It’s just over a week to the Mid-Year Review and we’ve been collecting updates on the activities we’ve been engaged in so far this year. It’s quite a list: two visits to Marseille – our European City of the Year, a fantastic Congress in Bristol, the launch of Young Urbanists Scotland, our sixth Place Partnering Diagnostic Visit – to Cliftonville, the Young Urbanists’ Food in Cities series, a debate on both city centre development and tall buildings, the 4×4 series in Manchester, and more. These give us a lot of learning moments to capture and turn into future events and activities. We’ll also be getting reports back from our Regions and Nations Groups as well on local activities and lessons learned.
Please join us at Cowcross Street on 23 July at 3.30pm to ensure we have as many perspectives as possible at the Review and to get yourselves involved in the action.
We won’t just be looking back either. We have the programme of Awards assessment visits to populate. There are 15 in total, and the three European Tours – of Rotterdam, Aarhus and Turin – are already well subscribed. Past participants in the visits will know that these are really valuable learning opportunities as well as a means of ramping up interest in the awards among the finalist places. If you haven’t joined a group before please try and do so this year.
Our Graduate Development Programme is completing its trial period and is about to become a significantly bigger initiative with strong support from Barratt London for whom the service is provided at present, and the Academician mentors and co-ordinators. Your views on this and other initiatives are important and will help us shape and direct our programme better in the future.
If you need a third reason to attend next week, the event will culminate with a discussion, led by Sir Terry Farrell AoU, of the way in which the Academy may best support the recommendations of his Review. The Academy is well established as an active participant in the Review, not least through Academician Robert Powell who is on the Review Panel. I’d like to establish a consensus among Academicians on how the Academy’s distinctive perspective might be best defined, used and promoted in this context.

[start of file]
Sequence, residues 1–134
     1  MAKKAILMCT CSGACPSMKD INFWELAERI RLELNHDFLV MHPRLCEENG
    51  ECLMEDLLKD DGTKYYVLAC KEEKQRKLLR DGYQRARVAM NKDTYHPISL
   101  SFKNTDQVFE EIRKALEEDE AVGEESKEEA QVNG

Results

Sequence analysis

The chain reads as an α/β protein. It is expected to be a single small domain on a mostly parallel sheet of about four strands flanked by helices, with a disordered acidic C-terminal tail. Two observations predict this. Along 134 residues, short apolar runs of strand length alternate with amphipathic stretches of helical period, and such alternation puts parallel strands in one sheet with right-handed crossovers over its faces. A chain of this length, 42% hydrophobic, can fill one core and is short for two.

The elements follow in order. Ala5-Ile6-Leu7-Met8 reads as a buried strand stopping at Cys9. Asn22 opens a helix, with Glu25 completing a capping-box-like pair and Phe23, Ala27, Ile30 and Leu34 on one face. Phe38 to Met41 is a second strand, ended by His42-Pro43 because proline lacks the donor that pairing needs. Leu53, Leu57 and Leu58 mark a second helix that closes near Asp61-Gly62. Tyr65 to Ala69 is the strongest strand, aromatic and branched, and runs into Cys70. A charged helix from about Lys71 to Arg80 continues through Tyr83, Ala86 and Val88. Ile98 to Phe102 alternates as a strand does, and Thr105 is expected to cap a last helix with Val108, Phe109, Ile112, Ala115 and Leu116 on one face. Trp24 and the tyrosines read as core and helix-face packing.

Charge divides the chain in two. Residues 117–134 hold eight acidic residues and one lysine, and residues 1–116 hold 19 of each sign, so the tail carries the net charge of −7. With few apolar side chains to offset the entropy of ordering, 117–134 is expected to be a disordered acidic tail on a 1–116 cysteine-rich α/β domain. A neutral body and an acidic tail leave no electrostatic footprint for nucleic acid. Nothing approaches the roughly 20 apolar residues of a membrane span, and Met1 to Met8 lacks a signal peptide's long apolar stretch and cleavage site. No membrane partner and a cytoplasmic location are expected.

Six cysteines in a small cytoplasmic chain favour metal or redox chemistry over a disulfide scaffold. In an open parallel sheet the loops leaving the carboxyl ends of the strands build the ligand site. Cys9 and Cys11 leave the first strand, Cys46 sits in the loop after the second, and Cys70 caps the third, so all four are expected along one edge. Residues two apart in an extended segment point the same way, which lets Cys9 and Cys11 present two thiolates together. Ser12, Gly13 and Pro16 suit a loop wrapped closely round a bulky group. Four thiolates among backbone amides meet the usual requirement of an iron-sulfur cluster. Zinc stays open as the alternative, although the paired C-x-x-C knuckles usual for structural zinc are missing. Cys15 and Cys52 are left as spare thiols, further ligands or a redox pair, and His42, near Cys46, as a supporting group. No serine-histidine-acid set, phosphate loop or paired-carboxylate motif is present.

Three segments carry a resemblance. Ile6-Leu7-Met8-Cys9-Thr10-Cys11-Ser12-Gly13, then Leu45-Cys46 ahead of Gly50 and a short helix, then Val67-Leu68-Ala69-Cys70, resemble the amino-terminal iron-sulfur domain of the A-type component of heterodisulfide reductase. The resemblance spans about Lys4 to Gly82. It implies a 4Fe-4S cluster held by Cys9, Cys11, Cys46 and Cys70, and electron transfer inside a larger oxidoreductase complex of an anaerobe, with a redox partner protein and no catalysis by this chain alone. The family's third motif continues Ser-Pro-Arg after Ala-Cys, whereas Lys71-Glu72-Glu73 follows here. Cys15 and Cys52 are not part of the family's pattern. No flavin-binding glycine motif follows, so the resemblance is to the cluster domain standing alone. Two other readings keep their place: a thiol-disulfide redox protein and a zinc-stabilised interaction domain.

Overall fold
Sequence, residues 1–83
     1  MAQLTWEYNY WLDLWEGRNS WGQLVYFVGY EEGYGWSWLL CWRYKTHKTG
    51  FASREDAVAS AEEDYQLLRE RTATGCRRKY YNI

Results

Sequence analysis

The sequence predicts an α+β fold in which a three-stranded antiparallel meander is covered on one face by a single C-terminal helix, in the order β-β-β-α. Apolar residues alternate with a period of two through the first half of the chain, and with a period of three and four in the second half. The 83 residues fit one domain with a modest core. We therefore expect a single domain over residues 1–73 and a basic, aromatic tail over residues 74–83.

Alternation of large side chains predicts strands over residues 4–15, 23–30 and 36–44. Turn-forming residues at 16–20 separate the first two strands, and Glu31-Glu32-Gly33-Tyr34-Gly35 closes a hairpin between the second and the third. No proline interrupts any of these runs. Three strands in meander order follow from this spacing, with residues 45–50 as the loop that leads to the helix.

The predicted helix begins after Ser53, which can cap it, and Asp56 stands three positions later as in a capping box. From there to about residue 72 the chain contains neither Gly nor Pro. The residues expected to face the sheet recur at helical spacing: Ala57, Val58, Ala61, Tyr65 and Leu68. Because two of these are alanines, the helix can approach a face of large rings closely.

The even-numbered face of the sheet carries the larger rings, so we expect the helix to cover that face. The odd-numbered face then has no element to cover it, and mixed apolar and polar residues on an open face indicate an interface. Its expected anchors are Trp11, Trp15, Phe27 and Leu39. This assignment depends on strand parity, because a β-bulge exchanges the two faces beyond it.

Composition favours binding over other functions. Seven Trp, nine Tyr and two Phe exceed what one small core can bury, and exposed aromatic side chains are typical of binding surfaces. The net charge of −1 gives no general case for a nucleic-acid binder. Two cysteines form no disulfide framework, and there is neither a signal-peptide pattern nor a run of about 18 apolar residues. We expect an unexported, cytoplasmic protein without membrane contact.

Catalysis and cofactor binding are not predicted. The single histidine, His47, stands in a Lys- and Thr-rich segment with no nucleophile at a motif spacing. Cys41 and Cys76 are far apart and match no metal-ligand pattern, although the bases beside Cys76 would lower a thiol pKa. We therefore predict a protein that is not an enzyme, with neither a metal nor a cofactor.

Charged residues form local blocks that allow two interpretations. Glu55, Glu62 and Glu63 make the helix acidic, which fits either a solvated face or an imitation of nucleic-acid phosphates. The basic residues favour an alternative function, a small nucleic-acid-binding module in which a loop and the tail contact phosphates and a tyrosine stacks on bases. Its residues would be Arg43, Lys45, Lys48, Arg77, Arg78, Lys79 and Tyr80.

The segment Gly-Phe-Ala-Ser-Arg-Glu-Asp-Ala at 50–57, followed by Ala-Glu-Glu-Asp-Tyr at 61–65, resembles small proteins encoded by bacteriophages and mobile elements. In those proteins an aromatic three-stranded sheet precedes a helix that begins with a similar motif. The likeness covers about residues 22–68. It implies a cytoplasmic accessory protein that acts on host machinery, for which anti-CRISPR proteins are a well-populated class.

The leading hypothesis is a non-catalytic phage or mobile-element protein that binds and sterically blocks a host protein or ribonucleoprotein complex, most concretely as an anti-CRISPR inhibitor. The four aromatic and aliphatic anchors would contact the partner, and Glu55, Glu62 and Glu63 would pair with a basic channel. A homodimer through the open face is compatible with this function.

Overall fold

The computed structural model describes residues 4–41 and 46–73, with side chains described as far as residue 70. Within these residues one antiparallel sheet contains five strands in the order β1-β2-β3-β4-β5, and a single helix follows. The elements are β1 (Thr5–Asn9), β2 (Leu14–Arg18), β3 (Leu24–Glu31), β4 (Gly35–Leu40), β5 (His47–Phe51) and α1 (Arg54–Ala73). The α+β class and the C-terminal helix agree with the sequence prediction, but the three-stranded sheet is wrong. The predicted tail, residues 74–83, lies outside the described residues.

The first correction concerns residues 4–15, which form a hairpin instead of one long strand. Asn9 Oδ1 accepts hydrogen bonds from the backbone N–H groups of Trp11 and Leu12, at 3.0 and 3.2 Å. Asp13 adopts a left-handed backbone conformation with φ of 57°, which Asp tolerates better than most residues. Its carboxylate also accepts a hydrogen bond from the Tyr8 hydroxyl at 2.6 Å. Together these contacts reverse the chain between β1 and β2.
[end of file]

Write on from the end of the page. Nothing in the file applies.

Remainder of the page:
If we can interrupt the flow of discussion long enough, we will reconvene on Alan Baxter’s roof terrace, at his invitation, to continue the debate and consider the changing skyline of central London.
Our space is limited, but we can find room for many and this is a great opportunity to catch up with each other and re-charge our collective batteries. We aim to ensure that everyone is kept as up to date as possible with what’s happened and what’s coming up, while allowing plenty of time to debate the urbanism issues and opportunities arising.
The Academy has grown in scale and stature over the past three years, in the face of cruel constraints on urban investment. I think that is in large part a result of our broadening perspective on what urbanism is, and our growing understanding of how good urbanism is achieved. We have increasing evidence from our great place awards and our learning visits that good urbanism is a prerequisite for economic success rather than dependant on it. Getting this understood and recognised by communities, and their leaders, will be the precursor to capturing greater government commitment to better places.